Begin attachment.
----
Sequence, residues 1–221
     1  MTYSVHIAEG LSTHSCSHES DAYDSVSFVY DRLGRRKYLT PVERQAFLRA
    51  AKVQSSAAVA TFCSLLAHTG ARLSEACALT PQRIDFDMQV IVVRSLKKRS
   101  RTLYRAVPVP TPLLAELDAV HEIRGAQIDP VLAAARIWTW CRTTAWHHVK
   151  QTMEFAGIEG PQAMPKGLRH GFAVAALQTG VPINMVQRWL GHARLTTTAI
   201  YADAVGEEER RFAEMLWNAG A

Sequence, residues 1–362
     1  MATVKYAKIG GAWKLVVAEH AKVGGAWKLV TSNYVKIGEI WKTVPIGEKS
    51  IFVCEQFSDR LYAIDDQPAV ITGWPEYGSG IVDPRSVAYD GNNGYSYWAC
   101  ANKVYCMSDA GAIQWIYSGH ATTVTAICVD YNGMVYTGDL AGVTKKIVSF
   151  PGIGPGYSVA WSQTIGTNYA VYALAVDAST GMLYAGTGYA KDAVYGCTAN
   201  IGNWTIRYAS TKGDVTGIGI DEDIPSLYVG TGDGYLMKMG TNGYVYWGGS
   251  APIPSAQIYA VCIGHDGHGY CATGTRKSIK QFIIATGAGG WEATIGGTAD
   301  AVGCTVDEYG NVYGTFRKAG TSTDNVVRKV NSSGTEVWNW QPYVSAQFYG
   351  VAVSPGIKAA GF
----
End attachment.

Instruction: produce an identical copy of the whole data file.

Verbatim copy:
Sequence, residues 1–221
     1  MTYSVHIAEG LSTHSCSHES DAYDSVSFVY DRLGRRKYLT PVERQAFLRA
    51  AKVQSSAAVA TFCSLLAHTG ARLSEACALT PQRIDFDMQV IVVRSLKKRS
   101  RTLYRAVPVP TPLLAELDAV HEIRGAQIDP VLAAARIWTW CRTTAWHHVK
   151  QTMEFAGIEG PQAMPKGLRH GFAVAALQTG VPINMVQRWL GHARLTTTAI
   201  YADAVGEEER RFAEMLWNAG A

Sequence, residues 1–362
     1  MATVKYAKIG GAWKLVVAEH AKVGGAWKLV TSNYVKIGEI WKTVPIGEKS
    51  IFVCEQFSDR LYAIDDQPAV ITGWPEYGSG IVDPRSVAYD GNNGYSYWAC
   101  ANKVYCMSDA GAIQWIYSGH ATTVTAICVD YNGMVYTGDL AGVTKKIVSF
   151  PGIGPGYSVA WSQTIGTNYA VYALAVDAST GMLYAGTGYA KDAVYGCTAN
   201  IGNWTIRYAS TKGDVTGIGI DEDIPSLYVG TGDGYLMKMG TNGYVYWGGS
   251  APIPSAQIYA VCIGHDGHGY CATGTRKSIK QFIIATGAGG WEATIGGTAD
   301  AVGCTVDEYG NVYGTFRKAG TSTDNVVRKV NSSGTEVWNW QPYVSAQFYG
   351  VAVSPGIKAA GF